Myopia progression in young adults

It is very common to see children develop myopia and get worse over time. We know that adults typically don’t have myopia progression because their eyes have fully developed and stopped growing, just like their height. However, in real life, some young people do have increased prescription numbers year after year. Researchers observed that college students continue to have increased myopia previously in Europe and the US. Now a new study [1] from Australia followed young people for 8 years (20 to 28 years of age) and confirmed this finding.

Among 516 subjects with no myopia, 14% were found to have developed myopia after 8 years. Among 698 subjects with myopia less than 6 diopters, 0.7% were found to have developed high myopia (more than 6 diopters) after 8 years. Among 691 subjects who were included in the progression analysis, 37.8% had myopic shift of 0.50 D or more. On average, the myopic progression was -0.04 D (ranging -0.03 to -0.06) per year, and axial length increase was 0.02 mm (0.014 to 0.025) per year. 

We can see that this is a small myopic shift, but it is a true shift and statistically significant.

So what kind of people are more prone to develop this myopic shift as adults? They found that East Asians were more likely than whites, females were more likely than males, those with myopic parents were more likely than those without myopic parents, and those who spend less time outdoors were more likely to develop more myopia as adults. Interestingly, they used an objective way to evaluate outdoor activities, conjunctival ultraviolet autofluorescence area, as the larger the area, the longer exposure to the sun.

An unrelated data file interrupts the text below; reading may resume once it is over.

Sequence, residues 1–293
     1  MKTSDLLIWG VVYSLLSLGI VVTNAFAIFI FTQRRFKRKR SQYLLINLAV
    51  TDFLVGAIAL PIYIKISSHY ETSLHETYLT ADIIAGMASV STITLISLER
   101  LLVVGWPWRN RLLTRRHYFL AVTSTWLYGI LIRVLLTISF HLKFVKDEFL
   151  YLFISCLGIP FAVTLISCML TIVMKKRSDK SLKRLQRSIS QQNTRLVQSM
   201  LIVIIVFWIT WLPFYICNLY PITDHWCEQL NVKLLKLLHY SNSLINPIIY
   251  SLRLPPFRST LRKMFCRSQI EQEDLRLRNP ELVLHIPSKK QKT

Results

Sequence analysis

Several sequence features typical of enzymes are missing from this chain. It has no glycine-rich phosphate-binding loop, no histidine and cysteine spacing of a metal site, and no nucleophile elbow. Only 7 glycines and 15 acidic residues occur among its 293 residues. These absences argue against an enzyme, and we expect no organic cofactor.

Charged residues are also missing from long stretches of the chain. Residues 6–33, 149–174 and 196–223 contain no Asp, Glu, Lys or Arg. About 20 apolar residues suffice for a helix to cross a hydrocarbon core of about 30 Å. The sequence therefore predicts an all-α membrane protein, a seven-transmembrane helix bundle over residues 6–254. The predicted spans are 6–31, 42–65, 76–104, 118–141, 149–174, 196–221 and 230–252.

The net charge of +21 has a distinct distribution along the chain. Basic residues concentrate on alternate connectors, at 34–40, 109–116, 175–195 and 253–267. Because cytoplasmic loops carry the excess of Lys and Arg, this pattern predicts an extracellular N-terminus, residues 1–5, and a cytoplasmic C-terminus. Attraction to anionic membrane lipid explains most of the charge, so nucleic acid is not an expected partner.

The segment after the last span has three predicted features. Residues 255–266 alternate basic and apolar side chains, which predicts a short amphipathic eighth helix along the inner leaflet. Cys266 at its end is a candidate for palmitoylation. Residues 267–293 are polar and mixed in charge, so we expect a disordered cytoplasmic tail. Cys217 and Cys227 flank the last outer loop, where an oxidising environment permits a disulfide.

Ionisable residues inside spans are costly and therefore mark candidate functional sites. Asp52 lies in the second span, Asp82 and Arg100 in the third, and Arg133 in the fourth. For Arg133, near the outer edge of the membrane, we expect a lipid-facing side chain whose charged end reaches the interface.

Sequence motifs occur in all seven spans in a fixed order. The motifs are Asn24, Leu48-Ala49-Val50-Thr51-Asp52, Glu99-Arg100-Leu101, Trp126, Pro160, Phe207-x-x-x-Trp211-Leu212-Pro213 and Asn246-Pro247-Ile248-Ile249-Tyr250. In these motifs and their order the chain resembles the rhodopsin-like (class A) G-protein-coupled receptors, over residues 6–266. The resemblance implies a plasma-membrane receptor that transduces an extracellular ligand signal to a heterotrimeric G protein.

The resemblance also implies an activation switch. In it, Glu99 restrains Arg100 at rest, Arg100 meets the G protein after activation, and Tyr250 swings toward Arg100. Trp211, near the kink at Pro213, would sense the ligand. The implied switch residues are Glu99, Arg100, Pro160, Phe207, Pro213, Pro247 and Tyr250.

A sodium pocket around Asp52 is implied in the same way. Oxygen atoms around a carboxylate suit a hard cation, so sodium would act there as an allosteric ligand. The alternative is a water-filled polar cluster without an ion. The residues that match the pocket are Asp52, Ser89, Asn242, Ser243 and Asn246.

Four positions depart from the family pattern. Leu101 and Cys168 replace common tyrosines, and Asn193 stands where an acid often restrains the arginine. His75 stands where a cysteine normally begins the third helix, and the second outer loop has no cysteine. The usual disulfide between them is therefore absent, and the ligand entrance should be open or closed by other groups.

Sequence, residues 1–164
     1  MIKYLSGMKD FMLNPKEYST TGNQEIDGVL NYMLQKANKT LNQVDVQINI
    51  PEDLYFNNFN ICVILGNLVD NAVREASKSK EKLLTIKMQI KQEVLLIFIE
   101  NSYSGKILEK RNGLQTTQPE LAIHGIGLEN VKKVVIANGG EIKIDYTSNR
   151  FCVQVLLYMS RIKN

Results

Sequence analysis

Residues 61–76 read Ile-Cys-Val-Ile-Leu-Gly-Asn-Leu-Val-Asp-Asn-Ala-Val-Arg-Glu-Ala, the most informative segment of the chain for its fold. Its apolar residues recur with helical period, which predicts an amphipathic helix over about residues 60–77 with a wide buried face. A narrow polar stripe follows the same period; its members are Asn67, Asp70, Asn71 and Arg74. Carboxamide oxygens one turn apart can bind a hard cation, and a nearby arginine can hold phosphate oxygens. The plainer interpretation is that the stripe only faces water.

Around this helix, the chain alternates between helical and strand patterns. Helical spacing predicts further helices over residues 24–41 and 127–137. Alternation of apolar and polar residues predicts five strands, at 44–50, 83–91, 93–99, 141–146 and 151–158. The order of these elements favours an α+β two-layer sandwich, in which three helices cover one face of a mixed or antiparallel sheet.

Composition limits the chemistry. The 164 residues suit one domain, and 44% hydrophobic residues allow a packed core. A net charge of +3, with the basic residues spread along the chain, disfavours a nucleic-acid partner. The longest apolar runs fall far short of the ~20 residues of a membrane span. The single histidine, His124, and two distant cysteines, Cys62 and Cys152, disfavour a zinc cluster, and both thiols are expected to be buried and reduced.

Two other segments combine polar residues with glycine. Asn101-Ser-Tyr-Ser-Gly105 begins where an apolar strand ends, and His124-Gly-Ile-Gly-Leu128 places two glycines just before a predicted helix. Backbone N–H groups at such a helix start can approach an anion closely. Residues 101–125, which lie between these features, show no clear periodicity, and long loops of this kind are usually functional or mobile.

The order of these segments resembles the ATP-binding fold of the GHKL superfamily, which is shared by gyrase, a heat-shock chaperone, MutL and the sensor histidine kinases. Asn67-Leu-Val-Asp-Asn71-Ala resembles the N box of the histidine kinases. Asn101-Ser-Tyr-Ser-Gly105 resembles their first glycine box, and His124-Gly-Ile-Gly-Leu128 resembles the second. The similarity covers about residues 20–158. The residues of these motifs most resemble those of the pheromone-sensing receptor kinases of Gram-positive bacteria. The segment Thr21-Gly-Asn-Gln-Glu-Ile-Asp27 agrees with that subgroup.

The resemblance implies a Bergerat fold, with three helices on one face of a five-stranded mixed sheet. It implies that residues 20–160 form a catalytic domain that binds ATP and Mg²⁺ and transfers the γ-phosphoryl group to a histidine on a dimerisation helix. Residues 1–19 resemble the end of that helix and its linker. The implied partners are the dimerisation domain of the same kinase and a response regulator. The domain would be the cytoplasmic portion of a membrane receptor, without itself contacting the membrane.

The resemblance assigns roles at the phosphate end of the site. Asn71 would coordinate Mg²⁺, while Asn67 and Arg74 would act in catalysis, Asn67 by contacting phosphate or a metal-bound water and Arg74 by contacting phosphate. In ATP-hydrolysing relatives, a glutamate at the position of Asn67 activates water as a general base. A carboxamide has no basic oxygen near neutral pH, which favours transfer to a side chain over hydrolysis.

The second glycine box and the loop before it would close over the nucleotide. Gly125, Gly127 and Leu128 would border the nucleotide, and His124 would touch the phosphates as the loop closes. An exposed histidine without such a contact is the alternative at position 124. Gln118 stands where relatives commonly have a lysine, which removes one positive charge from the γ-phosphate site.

These are also the risk factors of myopia progression in kids. So having myopic parents, being a female, being an East Asian, and spending less time outdoors are just not good in terms of myopia, kids or adults alike. You will notice that no one can change the first 3 risk factors, but the last one is highly modifiable. 

The take home message is that myopia progression can continue into adulthood, though at a much slower rate. And spending more time outside is always a good thing if you don’t want your glasses to get thicker.

Reference: 

[1] Lee SS, Lingham G, Sanfilippo PG, et al. Incidence and Progression of Myopia in Early Adulthood. JAMA Ophthalmol. Published online January 06, 2022. doi:10.1001/jamaophthalmol.2021.5067

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